Leaning into the art and leaning into the visual component of this project were easily accomplished with Experience Builder. It allowed us to build a customized site with strong visuals without being developers.
“[We wanted] something that [we] could customize to make as simple for everybody as possible but [that would also] look good and be intuitive,” Frome said. Additionally, the duo wanted whoever was going to build the app to be able to do so “without…spending a year learning how to be a web developer,” he added.
For both Ter-Ghazaryan and Frome, who ended up creating the app themselves, using Experience Builder was intuitive. They built the app pretty quickly.
“It was a lot of jumping in and tinkering around,” said Frome. “[The app] kind of came together [with us] just learning about different widgets and different tools and how to implement them…and learning what various functions would be helpful.”
A Smooth Development Process
Ter-Ghazaryan and Frome began the development process by getting a spreadsheet from Galpin that listed all the works she wanted to be included in the app, along with their locations. Frome then walked the FIU campus to collect the latitude and longitude of each sculpture, using ArcGIS Survey123 on his smartphone. He also took photos of the artwork.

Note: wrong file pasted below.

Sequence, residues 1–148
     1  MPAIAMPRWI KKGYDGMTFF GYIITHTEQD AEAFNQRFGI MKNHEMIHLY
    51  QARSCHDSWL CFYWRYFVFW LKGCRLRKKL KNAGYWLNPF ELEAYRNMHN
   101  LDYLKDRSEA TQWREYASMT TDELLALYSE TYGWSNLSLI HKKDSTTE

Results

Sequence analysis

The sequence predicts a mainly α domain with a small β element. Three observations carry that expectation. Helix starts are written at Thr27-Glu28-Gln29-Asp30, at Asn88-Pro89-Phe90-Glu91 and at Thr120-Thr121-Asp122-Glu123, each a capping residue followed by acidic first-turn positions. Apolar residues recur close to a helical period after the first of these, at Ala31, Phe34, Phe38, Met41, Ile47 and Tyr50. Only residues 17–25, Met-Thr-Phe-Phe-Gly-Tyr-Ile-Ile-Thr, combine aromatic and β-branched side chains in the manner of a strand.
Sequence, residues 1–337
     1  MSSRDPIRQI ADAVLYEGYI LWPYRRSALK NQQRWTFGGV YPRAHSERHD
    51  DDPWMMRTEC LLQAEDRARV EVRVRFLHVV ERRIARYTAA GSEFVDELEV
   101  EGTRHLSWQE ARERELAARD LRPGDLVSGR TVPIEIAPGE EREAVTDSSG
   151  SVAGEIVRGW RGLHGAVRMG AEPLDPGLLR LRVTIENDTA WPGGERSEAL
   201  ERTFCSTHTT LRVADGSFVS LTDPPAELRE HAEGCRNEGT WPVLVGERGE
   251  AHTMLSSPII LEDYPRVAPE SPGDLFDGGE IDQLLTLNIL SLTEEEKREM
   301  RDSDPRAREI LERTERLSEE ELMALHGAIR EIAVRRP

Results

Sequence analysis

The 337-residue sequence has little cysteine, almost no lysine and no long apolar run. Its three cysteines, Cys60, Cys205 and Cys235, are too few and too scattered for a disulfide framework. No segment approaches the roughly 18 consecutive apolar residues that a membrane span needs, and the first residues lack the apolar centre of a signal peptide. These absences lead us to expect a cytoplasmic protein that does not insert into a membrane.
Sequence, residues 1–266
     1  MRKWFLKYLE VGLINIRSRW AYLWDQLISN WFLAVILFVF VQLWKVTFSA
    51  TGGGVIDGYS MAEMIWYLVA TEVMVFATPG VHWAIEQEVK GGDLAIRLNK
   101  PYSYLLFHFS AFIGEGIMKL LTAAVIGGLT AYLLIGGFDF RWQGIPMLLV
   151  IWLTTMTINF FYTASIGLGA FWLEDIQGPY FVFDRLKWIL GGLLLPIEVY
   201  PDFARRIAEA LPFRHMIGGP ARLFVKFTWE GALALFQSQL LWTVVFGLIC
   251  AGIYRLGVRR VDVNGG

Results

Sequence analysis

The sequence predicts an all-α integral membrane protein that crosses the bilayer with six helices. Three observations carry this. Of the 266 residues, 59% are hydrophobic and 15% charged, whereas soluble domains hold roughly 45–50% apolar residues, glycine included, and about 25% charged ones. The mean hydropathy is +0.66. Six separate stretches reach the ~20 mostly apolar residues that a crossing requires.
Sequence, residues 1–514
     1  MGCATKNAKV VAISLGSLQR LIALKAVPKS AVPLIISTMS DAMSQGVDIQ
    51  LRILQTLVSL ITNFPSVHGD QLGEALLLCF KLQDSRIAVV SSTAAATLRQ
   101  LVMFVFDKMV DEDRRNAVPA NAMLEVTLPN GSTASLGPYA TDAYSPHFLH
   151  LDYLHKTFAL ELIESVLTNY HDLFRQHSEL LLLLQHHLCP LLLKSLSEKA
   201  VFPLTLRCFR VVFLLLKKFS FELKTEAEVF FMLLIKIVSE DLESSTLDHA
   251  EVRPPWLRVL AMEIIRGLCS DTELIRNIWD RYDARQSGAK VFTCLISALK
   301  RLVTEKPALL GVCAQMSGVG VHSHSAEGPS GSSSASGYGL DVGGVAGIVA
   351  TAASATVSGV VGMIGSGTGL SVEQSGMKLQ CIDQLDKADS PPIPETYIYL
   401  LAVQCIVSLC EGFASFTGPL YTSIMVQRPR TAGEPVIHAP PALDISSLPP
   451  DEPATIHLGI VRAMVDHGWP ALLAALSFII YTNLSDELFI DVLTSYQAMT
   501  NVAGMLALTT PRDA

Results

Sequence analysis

Once all the information was gathered, Ter-Ghazaryan and Frome used Experience Builder to create a custom web app that functions on mobile and desktop devices. They experimented with different displays and buttons to ensure that the two versions were consistent and worked well.
Throughout the data collection and app setup process, Ter-Ghazaryan and Frome had check-in meetings with Galpin and the museum team to update them on progress and ensure that they were creatively on the right track.